The Buzz of Change Management
I was involved in big change projects before change management became such a buzzword.
While taking training from Prosci, whose popular change management approach was developed by engineers, based on research, I learned to define it this way:
Change management is the application of a structured process and tools to enable individuals or groups to transition from a current state to a future state, such that a desired outcome is achieved.
What I love about change management (CM) is that it recognizes the importance of people! Unless your organization is completely mechanical or robotic, there is no way a change can succeed without the support of your people. Aspects of CM overlap with communications and training, and the important role of leaders and coaching.
The Missing Piece
But what strikes me every time I go to any session on change management is that it is an “after-the-decision” role. Decision-makers may plan for how they want to manage people through the change, but they don’t involve enough people in the decisions that create the change in the first place! Instead, once the decision has been made, change management attempts to bring those affected along on the journey of implementing the change.
There is an earlier step that makes the work of implementing change much easier – and could also make the decision itself more likely to be the right one: engage your people in making the decision!
The most effective way to cope with change is to help create it. ~ L.W. Lynett, IBM executive in the 1960s
In fact, if you really want to pave the way for ongoing change and innovation in your organization, engage employees now! Don’t wait for a specific change or event to drive it.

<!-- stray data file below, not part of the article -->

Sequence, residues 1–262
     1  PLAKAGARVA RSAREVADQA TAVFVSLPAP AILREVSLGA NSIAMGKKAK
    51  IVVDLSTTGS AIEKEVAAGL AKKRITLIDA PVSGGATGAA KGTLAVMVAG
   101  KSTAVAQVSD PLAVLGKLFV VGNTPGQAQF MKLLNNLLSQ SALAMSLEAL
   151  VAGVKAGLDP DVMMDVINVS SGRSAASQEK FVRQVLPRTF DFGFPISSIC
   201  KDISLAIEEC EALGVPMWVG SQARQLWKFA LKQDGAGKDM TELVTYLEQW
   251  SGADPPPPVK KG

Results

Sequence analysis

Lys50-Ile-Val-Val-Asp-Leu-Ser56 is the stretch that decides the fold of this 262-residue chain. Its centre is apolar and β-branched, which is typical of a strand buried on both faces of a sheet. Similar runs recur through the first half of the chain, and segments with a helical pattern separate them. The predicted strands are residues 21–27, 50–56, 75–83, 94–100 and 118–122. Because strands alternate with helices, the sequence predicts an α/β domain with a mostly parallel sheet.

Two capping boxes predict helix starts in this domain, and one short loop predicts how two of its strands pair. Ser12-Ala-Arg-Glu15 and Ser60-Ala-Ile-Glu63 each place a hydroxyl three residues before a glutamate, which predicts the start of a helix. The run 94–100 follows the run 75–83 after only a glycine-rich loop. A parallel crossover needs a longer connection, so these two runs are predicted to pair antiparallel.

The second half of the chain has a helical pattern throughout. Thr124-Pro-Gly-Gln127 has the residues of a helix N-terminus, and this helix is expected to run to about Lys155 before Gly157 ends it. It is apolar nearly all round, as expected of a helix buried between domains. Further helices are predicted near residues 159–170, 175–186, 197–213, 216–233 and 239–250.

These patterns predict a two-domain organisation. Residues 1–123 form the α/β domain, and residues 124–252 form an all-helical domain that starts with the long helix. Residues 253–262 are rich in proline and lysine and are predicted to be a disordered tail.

The Time and Place for Engagement
Some decisions have to be made by the leadership team. An example would be a company purchase or merger. Not only does it require certain knowledge and accountability, but they also have to consider things like the potential for leaks and market impact. However, even when the initial big decision has to be made by a small number of people, planning can consider how, when and what decisions can be opened up for employee input.
When I worked at Maritime Life, I was involved in four mergers and acquisitions. While the teams doing the due diligence and announcement planning were limited, the company then looked for ways to involve employees in helping determine the changes to come. One example was the development of new, combined HR policies for the company. Teams of employees from throughout both of the “original” companies were created to look at each policy, along with an overall team, of which I was a part. Each of the teams had parameters to work within and the guidance of HR experts to draw on. Together, they developed the new roster of HR policies that were implemented by the company.
Of course, that wasn’t the first time Maritime Life had engaged with its employees. It was part of the culture. Employees had helped articulate the vision and values, and they also had the opportunity to talk to senior executives – and ask them in-person questions – every quarter.
To be clear, when I say employee engagement, I don’t mean simply “I’m interested in my job and the organization I work for.” I’m talking about involving employees meaningfully in planning, decisions and problem solving. ~ Katherine Roberts
For employee engagement to work, you have to be sincerely interested in what employees have to say. It’s a sign the company and its leaders believe their employees have a lot to offer and don’t need to be looked after in a patriarchal manner.
And if you don’t believe that of your employees, is it about them or is it about you?